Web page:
Friday, 21 August 2015

Destroy Power Not People - On The London Front Line Fighting Gentrification





Destroy Power Not People    

Which is a really good slogan that I'm warming to, as I think over in my own mind the many experiences and situations of squatting in versus buildings (45 in all) throughout London, mostly in central London and currently in north London, that slogan begins to make more and more sense.

October last year and I started taking an interest in a young group of squatters, who had taken over a derelict and deserted former NHS eye hospital in Marylebone and set-up home. On my first visit I discovered there were in fact 60 people having taken up space in the empty building. This was the beginning, the start of an unforgettable voyage of discovery and a trip around staying in (squatting) some of the most expensive real estate property in London worth billions in hard cash.       

The group had been brought together by a young man who had become somewhat of a celebrity having made a name for himself by climbing onto the domineering and ugly statue of Winston Churchill, that hangs around as if permanently loitering in Parliament Square, this during an Occupy Democracy week of action.

And that comrades, brings me to where I am today - living, participating - in a very active and what I consider a live squat, here in the heart of capitalist London on the front line or gentrification; opposing, occupying and resisting the social cleansing that's attempting to transform a city once often referred to as the metropolis in the 1970s. The times have indeed moved on since then and very much so to the detriment of working people who built a city, defended it during times of war, always the providers and labours that manned great factories, the great docks an integrable part of a past and bloody empire. As long as I can remember, I have always seen London through the description given by Charles Dickens in general, as a place where the majority are working people, but in my own opinion, always serving the owning and controlling class or elitist order.

In posts that are yet to come, I will narrate some more of my story regarding the crew that I move and live with, they have all the makings and indeed the ability to make a real difference by continuing to oppose gentrification of this city.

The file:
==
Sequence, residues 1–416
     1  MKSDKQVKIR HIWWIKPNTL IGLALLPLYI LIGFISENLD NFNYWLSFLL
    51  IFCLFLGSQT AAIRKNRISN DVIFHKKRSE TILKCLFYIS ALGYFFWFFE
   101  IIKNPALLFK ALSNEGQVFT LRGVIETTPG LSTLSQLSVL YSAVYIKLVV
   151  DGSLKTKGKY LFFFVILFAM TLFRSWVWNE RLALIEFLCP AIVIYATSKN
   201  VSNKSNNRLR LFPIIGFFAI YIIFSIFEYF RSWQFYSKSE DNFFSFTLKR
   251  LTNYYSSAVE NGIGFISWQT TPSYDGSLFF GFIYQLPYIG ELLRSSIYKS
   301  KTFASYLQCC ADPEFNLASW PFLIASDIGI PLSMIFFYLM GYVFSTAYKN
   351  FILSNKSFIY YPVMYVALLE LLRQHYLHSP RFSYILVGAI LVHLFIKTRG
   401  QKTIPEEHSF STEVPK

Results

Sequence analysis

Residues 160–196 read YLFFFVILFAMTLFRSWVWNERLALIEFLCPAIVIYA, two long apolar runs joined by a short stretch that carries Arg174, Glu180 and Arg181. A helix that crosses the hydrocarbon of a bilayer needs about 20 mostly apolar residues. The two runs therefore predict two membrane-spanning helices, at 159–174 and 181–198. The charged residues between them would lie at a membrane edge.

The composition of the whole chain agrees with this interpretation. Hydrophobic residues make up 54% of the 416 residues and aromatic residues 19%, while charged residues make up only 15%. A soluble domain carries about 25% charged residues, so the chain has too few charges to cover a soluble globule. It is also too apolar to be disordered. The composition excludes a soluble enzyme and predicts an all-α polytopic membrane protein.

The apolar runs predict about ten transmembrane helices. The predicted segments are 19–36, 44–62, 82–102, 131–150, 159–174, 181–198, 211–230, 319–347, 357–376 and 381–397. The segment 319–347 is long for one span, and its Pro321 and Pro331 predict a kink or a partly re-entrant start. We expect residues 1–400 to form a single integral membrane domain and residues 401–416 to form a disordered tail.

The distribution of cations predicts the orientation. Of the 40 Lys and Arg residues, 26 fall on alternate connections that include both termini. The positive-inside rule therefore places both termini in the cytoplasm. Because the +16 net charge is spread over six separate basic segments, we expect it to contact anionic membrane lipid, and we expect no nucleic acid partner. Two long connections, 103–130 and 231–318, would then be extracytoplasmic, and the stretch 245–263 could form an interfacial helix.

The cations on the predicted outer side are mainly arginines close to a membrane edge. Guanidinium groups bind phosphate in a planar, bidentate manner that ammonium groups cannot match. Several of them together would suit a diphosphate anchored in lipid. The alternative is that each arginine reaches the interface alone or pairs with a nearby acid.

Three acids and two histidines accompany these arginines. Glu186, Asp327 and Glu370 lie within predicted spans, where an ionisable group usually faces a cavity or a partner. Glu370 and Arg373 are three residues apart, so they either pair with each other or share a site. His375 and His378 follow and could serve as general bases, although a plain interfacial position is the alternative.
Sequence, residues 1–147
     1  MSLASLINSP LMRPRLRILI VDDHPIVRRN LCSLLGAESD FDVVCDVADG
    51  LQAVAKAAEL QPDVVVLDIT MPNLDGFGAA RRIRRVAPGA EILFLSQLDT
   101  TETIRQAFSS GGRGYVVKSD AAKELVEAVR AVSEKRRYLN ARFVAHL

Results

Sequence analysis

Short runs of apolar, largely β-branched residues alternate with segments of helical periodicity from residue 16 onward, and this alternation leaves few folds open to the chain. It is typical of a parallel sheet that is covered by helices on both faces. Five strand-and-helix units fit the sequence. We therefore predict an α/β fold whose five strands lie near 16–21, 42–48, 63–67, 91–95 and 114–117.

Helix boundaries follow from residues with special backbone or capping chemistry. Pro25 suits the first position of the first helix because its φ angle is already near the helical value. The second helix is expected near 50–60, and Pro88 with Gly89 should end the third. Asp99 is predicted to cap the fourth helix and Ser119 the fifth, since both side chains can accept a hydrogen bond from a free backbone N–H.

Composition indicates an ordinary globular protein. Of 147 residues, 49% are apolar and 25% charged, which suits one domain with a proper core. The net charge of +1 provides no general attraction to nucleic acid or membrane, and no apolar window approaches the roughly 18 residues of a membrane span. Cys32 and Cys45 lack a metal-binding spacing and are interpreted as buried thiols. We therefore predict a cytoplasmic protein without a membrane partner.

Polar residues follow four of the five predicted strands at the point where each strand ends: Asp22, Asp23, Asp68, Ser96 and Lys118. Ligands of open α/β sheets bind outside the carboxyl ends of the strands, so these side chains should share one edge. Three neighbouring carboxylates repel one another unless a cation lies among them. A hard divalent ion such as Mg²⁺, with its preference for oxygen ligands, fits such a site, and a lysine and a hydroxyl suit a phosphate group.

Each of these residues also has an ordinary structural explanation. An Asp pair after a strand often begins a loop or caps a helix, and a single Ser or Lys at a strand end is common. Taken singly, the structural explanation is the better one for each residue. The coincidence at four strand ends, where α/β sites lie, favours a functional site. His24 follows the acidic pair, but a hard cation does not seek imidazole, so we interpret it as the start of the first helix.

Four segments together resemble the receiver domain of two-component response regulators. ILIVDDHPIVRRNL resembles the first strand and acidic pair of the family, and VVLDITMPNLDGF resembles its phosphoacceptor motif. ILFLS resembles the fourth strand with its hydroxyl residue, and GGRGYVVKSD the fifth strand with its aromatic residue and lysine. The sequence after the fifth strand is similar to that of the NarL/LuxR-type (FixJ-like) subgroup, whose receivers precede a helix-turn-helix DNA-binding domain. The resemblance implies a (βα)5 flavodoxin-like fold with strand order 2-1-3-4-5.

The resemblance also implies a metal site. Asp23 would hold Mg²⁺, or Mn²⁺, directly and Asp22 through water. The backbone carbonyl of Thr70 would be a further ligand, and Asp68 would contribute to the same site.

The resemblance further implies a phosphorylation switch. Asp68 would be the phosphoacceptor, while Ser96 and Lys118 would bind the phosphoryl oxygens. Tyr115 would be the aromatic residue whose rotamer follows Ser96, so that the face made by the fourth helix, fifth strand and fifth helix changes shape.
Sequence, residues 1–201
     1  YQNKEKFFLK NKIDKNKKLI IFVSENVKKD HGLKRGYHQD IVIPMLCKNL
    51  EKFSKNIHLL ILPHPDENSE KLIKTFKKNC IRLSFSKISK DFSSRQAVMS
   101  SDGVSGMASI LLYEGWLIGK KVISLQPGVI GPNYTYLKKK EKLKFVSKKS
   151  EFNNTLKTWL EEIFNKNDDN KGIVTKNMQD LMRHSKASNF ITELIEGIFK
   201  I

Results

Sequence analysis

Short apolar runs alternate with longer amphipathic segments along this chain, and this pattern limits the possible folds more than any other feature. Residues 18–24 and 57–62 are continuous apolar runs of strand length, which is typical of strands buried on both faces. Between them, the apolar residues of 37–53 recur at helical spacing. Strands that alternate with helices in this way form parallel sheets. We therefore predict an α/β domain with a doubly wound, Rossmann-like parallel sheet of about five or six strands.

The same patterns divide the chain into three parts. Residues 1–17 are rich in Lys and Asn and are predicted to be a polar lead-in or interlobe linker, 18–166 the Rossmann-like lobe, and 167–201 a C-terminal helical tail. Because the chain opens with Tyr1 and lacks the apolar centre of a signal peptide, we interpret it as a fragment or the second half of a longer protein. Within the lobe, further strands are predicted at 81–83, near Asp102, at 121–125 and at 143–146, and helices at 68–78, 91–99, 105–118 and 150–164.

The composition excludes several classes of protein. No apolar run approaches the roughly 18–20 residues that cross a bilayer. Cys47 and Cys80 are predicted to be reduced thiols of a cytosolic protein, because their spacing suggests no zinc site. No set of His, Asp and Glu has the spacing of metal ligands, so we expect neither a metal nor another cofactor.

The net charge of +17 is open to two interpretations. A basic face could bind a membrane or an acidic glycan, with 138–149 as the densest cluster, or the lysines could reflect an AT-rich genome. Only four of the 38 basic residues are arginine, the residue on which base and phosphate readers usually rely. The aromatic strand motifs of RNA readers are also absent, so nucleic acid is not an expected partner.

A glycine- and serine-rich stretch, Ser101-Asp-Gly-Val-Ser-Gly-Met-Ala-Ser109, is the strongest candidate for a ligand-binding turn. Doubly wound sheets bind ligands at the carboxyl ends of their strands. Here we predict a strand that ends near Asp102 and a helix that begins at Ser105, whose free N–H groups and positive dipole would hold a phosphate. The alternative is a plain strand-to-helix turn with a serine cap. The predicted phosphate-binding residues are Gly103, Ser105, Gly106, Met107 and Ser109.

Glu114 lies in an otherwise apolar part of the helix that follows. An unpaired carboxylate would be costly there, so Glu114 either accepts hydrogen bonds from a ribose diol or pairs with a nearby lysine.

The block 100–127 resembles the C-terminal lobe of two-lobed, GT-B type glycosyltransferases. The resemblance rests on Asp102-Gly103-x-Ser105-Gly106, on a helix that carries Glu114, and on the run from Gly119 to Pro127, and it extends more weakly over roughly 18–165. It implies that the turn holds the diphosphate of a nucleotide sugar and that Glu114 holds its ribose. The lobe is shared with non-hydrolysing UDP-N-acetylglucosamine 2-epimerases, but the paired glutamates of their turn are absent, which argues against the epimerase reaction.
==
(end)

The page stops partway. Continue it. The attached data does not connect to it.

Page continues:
Housing, or the lack of it has always been an interesting and intriguing subject for me over the years and now after almost five years of austerity, along with the disproportionate and gross attacks on the living standards of working people, the most vicious attacks on benefits which have continued to hit the very poorest sectors of the working class under both Labour and Coalition governments and now a Cameron-led Tory administration, has led to an explosion in homelessness in the UK.
Homelessness Among Young People

There has been a surge in homelessness among young people in the U.K., as the real number of homeless exceeds the government's "official figures" by three times, according to a  study by Cambridge University.

The survey also revealed that the availability of data on homelessness among young people has decreased since 2009 and discussed and noted the rise of what has been called "sofa surfing." With nowhere else to stay, 35 percent of the 2,011 youngsters who participated in the survey admitted to having sofa surfed at some point, on friends’ sofas or in cars, tents or open spaces.

The problems created by the shortage of affordable housing here and right across Britain can be traced to the 1970s - when the Conservative government abandoned and cancelled the construction of new council houses and stopped subsidizing social housing tenants in favour of enriching landlords and banks.

This policy continued into the 80s when Margaret Thatcher’s Conservative government introduced a “Right to Buy” scheme, which enabled council housing tenants to buy their council houses.

Britain's current Conservative government claims to be reforming what it has deceptively called “affordable housing.” But in reality, many argue the new program makes it easier for housing developers to opt out of creating a small percentage of housing dedicated to lower rent in their schemes.


Extending the “Right to Buy” scheme to housing association tenants will be subsidized under the current plan by “forcing councils to sell ‘high value’ homes, speeding up rent rises, social cleansing and the gentrification of Britain’s cities.”  

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